The lawyers pointed out that “this is something that for many years they have tried to accomplish, but a way wasn’t found to implement it by changing the law.”

“But now, with a new criminal procedural text, an attempt is being made to introduce it in a very underhanded way,” they said.

The most controversial texts of the bill are found in the fifth special provision, which defines what is an employee and a public official.

Subsections E and F state that public employees and officials are part of state agencies “of a public nature” performing “legislative, executive or judicial functions,” among others.

However, subsection G adds that “public employees or officials are also considered those persons who, in the non-state sector, as well as in foreign entities or public international organizations, exercise positions or functions similar to those described in subsections e and f when the criminal acts derive from their relationship with the state or its institutions.”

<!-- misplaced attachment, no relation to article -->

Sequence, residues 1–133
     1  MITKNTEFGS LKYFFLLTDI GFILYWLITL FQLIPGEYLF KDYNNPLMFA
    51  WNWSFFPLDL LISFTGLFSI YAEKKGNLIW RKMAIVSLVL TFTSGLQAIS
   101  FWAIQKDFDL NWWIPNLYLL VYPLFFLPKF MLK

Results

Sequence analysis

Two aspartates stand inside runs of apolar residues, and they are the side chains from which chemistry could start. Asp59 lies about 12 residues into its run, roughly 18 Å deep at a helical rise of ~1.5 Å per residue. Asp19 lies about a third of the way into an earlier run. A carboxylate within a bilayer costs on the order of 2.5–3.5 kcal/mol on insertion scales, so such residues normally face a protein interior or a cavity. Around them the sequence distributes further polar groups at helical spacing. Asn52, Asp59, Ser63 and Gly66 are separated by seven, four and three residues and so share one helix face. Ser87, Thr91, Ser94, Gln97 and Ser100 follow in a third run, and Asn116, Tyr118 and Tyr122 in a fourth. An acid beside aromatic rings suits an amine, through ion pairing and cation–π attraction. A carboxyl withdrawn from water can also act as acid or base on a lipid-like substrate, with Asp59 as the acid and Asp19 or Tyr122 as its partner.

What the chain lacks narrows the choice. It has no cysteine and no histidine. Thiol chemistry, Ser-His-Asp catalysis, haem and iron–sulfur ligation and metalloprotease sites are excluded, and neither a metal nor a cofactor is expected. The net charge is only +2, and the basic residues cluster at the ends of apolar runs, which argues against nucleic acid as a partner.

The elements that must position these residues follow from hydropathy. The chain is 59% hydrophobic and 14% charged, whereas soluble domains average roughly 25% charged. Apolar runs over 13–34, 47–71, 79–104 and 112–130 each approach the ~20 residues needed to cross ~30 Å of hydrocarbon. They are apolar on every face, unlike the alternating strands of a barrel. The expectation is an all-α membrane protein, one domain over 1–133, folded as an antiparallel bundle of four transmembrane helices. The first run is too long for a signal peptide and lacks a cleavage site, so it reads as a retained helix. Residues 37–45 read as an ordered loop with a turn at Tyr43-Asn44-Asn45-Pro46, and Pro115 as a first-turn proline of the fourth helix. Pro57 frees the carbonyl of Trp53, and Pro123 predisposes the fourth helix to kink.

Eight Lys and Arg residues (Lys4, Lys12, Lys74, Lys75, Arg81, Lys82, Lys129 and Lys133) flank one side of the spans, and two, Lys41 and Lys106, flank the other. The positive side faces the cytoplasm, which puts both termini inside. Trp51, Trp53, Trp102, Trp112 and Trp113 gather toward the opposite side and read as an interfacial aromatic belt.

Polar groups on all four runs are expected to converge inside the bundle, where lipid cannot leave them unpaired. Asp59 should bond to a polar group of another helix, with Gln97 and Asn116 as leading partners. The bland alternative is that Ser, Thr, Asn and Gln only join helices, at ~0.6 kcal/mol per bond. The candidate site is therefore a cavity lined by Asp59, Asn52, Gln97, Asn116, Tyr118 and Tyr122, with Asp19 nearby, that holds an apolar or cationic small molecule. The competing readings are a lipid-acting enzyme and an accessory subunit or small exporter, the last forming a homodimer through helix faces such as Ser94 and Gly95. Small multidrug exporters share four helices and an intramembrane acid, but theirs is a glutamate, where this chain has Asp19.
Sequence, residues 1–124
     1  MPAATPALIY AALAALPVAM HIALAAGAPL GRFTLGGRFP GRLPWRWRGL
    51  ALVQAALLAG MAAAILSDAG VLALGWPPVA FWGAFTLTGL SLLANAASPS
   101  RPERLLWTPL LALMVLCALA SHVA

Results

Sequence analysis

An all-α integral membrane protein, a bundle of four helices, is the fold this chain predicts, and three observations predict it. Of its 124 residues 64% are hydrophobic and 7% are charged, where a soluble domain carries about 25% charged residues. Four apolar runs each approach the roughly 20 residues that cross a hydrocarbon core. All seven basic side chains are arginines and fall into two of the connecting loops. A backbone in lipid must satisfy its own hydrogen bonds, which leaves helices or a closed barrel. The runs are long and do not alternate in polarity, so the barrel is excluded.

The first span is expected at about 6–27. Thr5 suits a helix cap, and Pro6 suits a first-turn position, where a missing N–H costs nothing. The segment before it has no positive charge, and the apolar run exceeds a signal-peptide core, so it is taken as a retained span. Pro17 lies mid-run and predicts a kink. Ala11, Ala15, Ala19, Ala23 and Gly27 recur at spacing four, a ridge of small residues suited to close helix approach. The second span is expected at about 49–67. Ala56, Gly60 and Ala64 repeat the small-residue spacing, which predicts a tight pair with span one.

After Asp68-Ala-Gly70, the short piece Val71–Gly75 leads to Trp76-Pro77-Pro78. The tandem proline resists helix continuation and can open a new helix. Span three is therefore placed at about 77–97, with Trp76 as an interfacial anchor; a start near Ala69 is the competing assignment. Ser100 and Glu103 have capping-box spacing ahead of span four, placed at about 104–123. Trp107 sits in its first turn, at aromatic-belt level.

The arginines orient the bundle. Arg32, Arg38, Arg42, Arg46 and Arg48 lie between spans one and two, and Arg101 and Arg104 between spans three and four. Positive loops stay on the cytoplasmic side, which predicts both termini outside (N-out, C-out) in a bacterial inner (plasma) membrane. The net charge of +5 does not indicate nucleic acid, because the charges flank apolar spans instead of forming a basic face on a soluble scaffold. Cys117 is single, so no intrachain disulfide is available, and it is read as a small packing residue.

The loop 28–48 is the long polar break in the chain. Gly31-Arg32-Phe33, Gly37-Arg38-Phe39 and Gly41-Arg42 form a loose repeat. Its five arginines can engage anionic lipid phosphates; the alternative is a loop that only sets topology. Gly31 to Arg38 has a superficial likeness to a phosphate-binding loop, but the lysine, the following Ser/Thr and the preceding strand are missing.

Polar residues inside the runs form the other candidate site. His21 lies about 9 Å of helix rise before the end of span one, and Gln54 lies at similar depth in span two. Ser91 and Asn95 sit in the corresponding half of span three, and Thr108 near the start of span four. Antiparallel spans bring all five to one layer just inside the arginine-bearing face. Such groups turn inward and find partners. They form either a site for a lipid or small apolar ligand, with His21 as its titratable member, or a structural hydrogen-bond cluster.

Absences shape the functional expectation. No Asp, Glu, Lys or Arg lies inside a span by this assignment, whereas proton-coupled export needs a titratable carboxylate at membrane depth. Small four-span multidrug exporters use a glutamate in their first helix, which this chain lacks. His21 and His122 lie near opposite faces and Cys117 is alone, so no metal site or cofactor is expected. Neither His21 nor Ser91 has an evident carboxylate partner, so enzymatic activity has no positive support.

The Cuban jurists told ACI Prensa that “although the word ‘lawyer’ is not mentioned, the generality of the expression ‘non-state sector’ is the way to allow this interpretation where the judges don’t enjoy authentic judicial independence.”

“What they’re looking for is a way to exert pressure on lawyers and, when necessary, get them out of the way. That’s how they would do it.”

“And getting them out of the way,” they warned, could mean “taking them out of circulation completely” by finding them guilty of a crime, “which also would result in their expulsion from the National Organization of Collective Law Firms, the only institution of its kind on the island for the provision of legal services to native born persons who are defendants in a criminal case.”

The judges who make up the People’s Supreme Court are elected by the National Assembly of the People’s Power, a one-party legislative body which also elects the country’s president.